It doesn’t look like the little LEGO robot could save lives, but one day something like it just might; the device is a prototype for a robot that finds injured people in disaster zones. Two teenagers stand nearby and watch the robot they created traverse a college hallway. Taking notes, they observe and brainstorm ways to improve on their work.
Many students might not able to do anything like this in their high school classes during the year—but at the Engineering Institute at the Governor’s Institutes of Vermont (GIV), they can explore what it will be like to pursue careers in engineering.
One of the teenagers is Kai Boyd, a student from Brattleboro High School and an aspiring engineer. Kai was one of 613 students to stay on UVM’s campus for GIV in Summer 2016, delving deep into their academic and creative interests with expert mentors leading the way. Of all the GIV attendees, more than half were young women, and of these 151—Kai included—pursued STEM, thanks in part to a new Institute developed to attract more young women to STEM fields.
GIV helps students explore their passions and future careers through 13 hands-on learning Institutes across Vermont covering topics that range from architecture and arts to environmental science and technology. For several years, the Vermont Women’s Fund, a component fund at the Vermont Community Foundation, has supported GIV in its efforts to help young women from low-income families attend the Institute of their choice. By removing all economic and geographic barriers to attending, GIV and the Vermont Women’s Fund hope to encourage young women from all backgrounds to pursue careers in STEM and in other fields that will help them excel in life after high school and beyond.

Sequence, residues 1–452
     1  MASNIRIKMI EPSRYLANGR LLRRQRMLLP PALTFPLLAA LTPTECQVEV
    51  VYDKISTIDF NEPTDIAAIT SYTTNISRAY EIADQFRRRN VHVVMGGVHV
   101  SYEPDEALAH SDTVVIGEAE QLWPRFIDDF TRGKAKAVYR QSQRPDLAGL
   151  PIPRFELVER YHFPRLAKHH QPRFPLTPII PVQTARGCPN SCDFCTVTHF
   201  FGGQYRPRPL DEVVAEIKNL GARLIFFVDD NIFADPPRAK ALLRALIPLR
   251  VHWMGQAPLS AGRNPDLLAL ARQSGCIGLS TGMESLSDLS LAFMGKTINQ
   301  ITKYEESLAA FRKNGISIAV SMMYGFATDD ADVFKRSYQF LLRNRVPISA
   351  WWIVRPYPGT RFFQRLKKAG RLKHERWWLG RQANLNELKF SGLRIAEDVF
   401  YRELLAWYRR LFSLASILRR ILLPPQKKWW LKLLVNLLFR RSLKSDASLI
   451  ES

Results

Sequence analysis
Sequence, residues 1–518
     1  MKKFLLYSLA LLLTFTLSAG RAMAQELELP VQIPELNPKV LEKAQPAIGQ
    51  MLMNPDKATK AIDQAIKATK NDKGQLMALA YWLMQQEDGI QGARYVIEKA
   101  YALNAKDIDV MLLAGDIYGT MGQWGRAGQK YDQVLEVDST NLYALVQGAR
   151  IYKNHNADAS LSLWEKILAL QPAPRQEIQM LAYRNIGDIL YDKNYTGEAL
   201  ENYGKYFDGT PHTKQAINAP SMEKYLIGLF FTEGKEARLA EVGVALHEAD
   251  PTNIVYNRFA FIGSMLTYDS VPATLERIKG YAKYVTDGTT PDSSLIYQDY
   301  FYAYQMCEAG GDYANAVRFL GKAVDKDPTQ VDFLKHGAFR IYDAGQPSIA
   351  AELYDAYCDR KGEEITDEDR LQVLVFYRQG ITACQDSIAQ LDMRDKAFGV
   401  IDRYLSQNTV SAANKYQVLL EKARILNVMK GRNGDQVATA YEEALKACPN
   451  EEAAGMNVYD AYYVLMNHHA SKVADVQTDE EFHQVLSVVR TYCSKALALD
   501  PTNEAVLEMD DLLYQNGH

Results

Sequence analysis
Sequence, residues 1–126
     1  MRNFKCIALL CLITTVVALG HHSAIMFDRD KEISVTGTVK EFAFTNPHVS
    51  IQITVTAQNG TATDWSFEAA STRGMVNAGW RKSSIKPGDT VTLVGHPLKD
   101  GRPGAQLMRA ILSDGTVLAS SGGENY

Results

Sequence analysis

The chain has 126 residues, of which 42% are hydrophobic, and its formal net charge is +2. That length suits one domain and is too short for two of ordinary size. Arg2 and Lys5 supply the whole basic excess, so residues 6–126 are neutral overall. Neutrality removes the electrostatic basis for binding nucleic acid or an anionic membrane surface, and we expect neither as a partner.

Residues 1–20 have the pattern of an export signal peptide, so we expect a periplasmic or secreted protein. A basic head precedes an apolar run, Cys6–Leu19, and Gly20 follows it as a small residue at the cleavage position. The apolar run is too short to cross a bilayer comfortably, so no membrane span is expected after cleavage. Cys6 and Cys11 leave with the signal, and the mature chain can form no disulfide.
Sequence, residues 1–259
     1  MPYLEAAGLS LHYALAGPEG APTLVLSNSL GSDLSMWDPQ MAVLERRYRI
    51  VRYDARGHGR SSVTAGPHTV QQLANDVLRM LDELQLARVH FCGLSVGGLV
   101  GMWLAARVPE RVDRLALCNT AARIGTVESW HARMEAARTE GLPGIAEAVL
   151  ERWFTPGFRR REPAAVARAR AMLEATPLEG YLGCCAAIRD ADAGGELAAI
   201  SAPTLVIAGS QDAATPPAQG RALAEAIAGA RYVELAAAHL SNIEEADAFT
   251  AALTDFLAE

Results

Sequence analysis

Exposure to the subjects and fields that inspire creativity and passion is a major first step toward future economic success for young men and women alike. Said one young woman who attended the Engineering Institute, "I was slightly hesitant [but] at GIV I found...that I indeed have a passion for using creativity to help solve problems that seem implausible.”
She went on, “...One of the most important lessons I have learned from GIV would be that it is good to be different. In engineering, if you are not willing to be an individual with different ideas, no substantial progress can ever be made... This inspired me because as a teenage girl, being true to yourself is seen as admirable, but realistically? Unattainable. GIV has taught me that being true to yourself is the most important thing and that it is so much greater to be different."
Go Back to the Spring 2017 Newsletter